Privacy in a time of terror

Thursday, 25 April 2019 00:00 -     - {{hitsCtrl.values.hits}}

In a time of terror when vehicles can be booby traps, people know it is reasonable for the Police to want to know who is responsible for an unattended vehicle in public space – Pic by Shehan Gunasekara

Trade-offs that are central to public policy are best understood with specific examples, ideally real-world cases rather than made-up ones. The recent request by the Police that those leaving unattended vehicles on the road display their names and contact telephone numbers is a good case that helps illuminate the trade-offs that have to be made in formulating and implementing data protection.


Most people think they know what privacy is, but have difficulty providing a comprehensive definition. 

The legal scholar Daniel Solove states that privacy, as commonly understood, “is a sweeping concept, encompassing (among other things) freedom of thought, control over one’s body, solitude in one’s home, control over personal information, freedom from surveillance, protection of one’s reputation, and protection from searches and interrogations.” 

At an abstract level, privacy can be defined in terms of boundary control by individuals. But since this definition is anchored on contextual and negotiated decisions by individuals, it is difficult to translate into practical policy. 

A telephone number, even if unattached to a name and address, allows a person to be contacted. It can infringe on the oft-quoted “right to be let alone”. It can make boundary control difficult, and thereby infringe privacy however defined. In the old days, telephone numbers carried more weight. It was difficult to get one, and to change once one had one. Where reverse telephone directories or lookup services exist, a simple telephone number can lead to exposure of name and address as well. In Sri Lanka, these services are not easily accessible. And while not costless, changing a mobile number is not as difficult as in the old days.


But people understand trade-offs. In a time of terror when vehicles can be booby traps, they know it is reasonable for the Police to want to know who is responsible for an unattended vehicle in public space.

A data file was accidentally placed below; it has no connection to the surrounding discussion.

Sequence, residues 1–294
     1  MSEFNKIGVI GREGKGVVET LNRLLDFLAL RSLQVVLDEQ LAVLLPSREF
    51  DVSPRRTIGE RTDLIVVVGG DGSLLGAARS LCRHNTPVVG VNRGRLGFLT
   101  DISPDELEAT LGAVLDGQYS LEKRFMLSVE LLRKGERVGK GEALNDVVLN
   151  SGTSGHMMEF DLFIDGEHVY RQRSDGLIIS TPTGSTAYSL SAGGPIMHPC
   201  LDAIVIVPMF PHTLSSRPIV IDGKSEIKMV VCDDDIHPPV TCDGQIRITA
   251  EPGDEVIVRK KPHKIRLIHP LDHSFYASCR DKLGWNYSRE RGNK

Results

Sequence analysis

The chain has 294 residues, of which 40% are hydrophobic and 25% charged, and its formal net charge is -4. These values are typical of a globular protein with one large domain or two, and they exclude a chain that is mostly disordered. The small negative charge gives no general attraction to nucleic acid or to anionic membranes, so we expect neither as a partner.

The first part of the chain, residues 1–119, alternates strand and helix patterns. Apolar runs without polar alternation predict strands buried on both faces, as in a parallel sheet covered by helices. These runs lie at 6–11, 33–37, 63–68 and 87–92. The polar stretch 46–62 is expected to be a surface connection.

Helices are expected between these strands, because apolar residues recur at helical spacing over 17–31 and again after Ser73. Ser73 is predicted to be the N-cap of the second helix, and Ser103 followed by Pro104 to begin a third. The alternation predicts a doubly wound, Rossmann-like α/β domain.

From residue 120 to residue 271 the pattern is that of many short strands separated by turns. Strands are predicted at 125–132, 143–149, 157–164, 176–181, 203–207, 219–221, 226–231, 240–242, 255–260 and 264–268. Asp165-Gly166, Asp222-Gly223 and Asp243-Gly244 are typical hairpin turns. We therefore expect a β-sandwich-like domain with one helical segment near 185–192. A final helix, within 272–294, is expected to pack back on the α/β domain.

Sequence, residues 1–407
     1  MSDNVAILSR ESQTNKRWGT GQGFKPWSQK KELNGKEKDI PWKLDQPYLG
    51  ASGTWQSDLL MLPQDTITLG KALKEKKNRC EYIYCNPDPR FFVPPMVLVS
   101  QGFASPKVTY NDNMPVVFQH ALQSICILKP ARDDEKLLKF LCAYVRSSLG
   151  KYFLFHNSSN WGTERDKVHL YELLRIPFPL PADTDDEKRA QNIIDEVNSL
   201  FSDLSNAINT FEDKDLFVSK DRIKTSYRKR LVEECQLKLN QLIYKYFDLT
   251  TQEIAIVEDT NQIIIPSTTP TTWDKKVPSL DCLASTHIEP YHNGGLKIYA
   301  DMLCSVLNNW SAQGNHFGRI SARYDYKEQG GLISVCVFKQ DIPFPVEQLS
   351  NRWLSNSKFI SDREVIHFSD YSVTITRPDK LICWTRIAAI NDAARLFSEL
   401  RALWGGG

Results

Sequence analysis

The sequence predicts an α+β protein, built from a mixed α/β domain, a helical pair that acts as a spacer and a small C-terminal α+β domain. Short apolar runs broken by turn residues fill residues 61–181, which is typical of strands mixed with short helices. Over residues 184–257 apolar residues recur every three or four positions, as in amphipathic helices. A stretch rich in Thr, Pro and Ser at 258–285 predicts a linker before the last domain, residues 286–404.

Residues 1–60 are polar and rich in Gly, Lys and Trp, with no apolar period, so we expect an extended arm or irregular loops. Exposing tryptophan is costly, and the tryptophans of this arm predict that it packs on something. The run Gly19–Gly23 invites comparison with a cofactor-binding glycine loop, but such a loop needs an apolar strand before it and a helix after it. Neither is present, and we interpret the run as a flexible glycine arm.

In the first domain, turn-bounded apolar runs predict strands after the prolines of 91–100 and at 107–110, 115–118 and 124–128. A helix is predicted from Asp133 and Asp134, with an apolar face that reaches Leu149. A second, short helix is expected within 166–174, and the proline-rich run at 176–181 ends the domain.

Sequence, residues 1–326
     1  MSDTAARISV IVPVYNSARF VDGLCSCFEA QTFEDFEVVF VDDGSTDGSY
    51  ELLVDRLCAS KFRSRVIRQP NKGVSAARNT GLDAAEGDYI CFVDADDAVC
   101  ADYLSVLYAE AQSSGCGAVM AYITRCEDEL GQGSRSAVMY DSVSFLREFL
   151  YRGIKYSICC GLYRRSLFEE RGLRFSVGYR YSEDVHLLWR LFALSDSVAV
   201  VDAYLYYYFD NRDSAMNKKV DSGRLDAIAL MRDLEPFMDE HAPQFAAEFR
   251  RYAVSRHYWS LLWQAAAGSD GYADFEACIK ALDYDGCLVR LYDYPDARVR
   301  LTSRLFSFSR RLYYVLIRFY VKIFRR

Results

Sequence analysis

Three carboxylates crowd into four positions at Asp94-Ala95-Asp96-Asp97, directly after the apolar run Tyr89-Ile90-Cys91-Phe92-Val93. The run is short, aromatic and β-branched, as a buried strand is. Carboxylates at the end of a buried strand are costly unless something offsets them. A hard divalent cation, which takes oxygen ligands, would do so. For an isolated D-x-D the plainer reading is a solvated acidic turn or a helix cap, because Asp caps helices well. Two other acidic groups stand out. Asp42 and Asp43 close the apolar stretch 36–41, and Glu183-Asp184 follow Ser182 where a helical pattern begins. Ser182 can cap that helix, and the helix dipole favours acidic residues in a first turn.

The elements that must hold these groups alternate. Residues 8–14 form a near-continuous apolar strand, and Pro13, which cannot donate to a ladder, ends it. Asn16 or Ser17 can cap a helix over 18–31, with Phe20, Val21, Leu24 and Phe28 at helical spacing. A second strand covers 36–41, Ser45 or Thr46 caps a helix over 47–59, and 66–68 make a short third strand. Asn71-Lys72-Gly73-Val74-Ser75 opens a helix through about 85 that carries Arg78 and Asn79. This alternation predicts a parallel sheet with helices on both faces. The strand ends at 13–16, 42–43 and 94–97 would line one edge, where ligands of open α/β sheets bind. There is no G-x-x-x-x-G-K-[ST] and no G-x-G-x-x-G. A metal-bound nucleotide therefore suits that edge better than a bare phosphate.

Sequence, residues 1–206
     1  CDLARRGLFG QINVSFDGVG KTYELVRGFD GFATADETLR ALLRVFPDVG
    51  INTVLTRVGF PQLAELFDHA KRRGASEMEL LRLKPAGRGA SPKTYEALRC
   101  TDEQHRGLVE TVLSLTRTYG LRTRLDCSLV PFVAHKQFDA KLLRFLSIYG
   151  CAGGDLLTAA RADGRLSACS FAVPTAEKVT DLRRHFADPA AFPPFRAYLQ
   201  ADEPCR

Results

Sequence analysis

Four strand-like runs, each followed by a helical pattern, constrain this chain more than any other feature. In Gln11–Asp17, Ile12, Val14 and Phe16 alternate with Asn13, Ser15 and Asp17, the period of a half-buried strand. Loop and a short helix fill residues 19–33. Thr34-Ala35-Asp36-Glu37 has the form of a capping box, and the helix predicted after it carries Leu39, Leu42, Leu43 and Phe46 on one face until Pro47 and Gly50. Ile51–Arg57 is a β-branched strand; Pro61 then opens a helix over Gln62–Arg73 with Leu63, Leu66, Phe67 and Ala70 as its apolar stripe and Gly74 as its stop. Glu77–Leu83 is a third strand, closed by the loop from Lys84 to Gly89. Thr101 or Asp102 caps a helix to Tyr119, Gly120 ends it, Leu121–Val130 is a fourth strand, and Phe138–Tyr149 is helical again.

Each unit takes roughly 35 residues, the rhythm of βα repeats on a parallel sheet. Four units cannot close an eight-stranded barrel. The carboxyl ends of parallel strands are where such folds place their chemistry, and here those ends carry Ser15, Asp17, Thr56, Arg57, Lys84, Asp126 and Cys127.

But leaving the name and phone number displayed on the vehicle allows it to be seen by anyone, not just the Police. And because a vehicle has a number associated with it, an observer would now have two numbers associated with the vehicle owner/user. In the interest of public safety, a rather large amount of personally identifiable information (PII) would have been disclosed to any and all.

Now imagine a different scenario that seeks to balance public safety and the safeguarding of PII in the context of unattended vehicles. Every police officer would be equipped with a handheld device that could be pointed at the number plate and would immediately connect to a database at the Department of Motor Vehicles (DMV) to provide not only the owner’s details but also a contact telephone number. Here, the telephone number would not be disclosed to any and all, but only to law-enforcement officials. The fact that the record was accessed and by whom could be logged.

It is likely that the creation of such a database, the inclusion of mobile phone numbers and the provision of handheld devices to all police officers would be met with protests. Linking vehicle numbers and telephone numbers is an unjustified intrusion, it will be said; allowing thousands of police officers immediate access to a database containing PII without court order would be a violation of privacy, it will be claimed; information given to the DMV can only be used for its purposes and not for purposes of the Police, it would be argued; in any case, consent would have to be obtained for such a secondary use, it will be asserted. 

Context matters

No objection to a paper-based improvised system that poses significant threats to privacy, but objections to an efficient electronic system that arguably provides greater safeguards. Why? 

One reason is timing and context. The paper-based system is announced at a time of terror. The public is more understanding of the needs of public safety and privacy advocates are silent. The electronic system takes time to implement and cannot be activated in the midst of a crisis. It will be announced in a peaceful, normal context. Privacy means different things in times of tranquility and terror. 

And new technology triggers more fears than old, even if it has more safeguards. 

But shouldn’t we be more rational about these things?